• More insight into who else might buy your product – instead of asking “who is similar to my customer?” you ask “Who has a similar job to do?” and “What other jobs does our product do well?”
  • Stability – Christensen points out that ‘jobs’ are far more stable than products and users. Julius Caesar, Queen Victoria, Winston Churchill and Steve Jobs, for example, all needed to get letters securely from A to B – but the services they made use of to get the job done were radically different.

Resources: Clayton Christensen on disruptive innovation

Clayton Christensen’s The Innovators Dilemma is a business classic, providing a framework for understanding how technological or business model innovations (or more usually, both) allow new businesses to gain a foothold in markets or to create new ones.

It’s been hugely influential – and has come in for its share of criticism.

This post contains links to a range of resources for getting up to speed with disruptive innovation, as well as some of Christensen’s other theories – particularly his ‘jobs to be done’ view of markets and product development, and modularity theory.

The Christensen Institute:

Brief introductions to:

… and some decent blog posts illustrating some of these topics in different fields

Talk at Google

This is my favourite overview – Christensen covers most of his key ideas clearly and with humour.

At Startup Grind

On how to build a disruptive business…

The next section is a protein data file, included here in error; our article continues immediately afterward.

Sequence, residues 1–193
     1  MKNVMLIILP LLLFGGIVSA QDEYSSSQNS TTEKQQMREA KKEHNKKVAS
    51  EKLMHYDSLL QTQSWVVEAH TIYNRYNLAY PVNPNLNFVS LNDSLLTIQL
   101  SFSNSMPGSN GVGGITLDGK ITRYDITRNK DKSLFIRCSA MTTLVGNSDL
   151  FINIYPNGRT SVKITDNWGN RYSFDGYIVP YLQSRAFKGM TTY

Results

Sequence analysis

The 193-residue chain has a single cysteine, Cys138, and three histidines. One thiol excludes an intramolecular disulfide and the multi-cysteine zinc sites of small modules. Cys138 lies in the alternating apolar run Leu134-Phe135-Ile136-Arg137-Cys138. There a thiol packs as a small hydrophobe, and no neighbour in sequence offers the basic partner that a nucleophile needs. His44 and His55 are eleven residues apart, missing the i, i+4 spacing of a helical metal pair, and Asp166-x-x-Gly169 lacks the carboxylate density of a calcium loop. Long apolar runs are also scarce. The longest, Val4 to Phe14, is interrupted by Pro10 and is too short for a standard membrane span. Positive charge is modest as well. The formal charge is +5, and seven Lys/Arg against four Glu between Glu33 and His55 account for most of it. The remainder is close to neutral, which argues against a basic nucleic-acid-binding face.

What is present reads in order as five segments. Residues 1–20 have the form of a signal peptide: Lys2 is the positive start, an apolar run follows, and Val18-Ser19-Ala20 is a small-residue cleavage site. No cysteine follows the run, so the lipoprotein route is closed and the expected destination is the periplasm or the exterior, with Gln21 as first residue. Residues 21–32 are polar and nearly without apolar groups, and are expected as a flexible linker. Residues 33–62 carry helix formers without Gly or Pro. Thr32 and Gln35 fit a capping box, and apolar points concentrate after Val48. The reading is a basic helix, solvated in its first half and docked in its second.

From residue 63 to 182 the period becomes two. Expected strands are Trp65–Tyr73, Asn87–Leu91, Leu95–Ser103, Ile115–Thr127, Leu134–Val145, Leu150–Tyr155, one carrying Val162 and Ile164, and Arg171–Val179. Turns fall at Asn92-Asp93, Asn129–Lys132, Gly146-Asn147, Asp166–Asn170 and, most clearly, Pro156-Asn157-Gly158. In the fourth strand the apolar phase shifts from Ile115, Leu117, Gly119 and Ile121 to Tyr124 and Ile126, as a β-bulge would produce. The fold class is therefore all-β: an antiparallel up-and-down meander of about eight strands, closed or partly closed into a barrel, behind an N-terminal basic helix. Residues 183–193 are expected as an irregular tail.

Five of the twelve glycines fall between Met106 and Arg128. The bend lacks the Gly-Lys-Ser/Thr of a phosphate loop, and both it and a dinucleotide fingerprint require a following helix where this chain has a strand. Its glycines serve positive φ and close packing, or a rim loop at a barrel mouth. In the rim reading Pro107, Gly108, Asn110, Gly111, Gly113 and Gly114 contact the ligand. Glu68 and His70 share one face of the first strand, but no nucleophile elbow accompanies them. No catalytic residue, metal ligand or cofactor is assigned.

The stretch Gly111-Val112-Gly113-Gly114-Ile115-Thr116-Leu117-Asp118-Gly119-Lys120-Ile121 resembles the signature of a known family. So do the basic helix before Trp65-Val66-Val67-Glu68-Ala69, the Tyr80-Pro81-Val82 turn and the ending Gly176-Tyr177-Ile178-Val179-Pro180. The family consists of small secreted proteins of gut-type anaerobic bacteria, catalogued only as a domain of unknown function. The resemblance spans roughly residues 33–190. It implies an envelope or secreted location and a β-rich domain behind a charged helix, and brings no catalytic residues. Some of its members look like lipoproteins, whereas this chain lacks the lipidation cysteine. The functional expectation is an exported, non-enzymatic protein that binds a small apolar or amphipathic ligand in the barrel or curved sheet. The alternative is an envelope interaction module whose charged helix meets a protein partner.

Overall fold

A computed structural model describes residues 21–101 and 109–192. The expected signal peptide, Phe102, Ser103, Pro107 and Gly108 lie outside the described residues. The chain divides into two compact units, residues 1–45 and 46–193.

And talking with Marc Andreessen about his ideas:

On the a16z Podcast

Highly recommend these episodes:

  1. Beyond Disruption Theory: Marc Andreessen and Ben Horowitz talking about how disruption theory has been important to them, with other insights into entrepreneurship in general:

2. Competing Against Luck: Another conversation with Marc Andreessen about how the Christensen’s understanding of disruption theory has evolved

At Said Business School, Oxford

I’ve just discovered these while writing this post – will add a note later once I’ve watched them.

Lecture 1: Disruptive Innovation:

Lecture 2: Management

Lecture 3: The Process of Research

Seth Godin on listening to feedback

The most important thing to remember now a simple sentence: “It’s not for you.”

So you run an Indian restaurant on 6th Street in New York and you have a $24 spicy vindaloo, if you finish it you get it for free, it’s that spicy.

And someone comes to the restaurant and says, “I hate spicy food,” it’s really obvious what you should do, and it’s not take it off the menu.

It’s saying to that person “Vaselka, Ukrainian food, is two blocks away, nothing in the restaurant is spicy, here’s their phone number, thanks for stopping by.”

“What I sell is not for you.”

Being able to do that is hugely powerful.

So I look at the 100 most loved books ever written, all of them have more one-star reviews on Amazon than any book I’ve ever written – all of them. Because if you’re going to write To Kill A Mockingbird or Harry Potter a lot people are going to read it, and if a lot of people are going to read it, some of them are going to need to say, “It’s not for me.” And the way they do that is by writing a one-star review.
But Harper Lee shouldn’t have read her one-star reviews because it’s not going to make her a better writer tomorrow. All it says is “I don’t like spicy food.”

Seth Godin on The Jordan Harbinger Show Ep 234.

Charles Koch on creating value for others and always getting better

The starting point is to understand what capabilities you have that others will value, that you can use to create value for others.

And then to find the opportunities for those capabilities that will create the most opportunity for others and particularly those who will reward you for that value.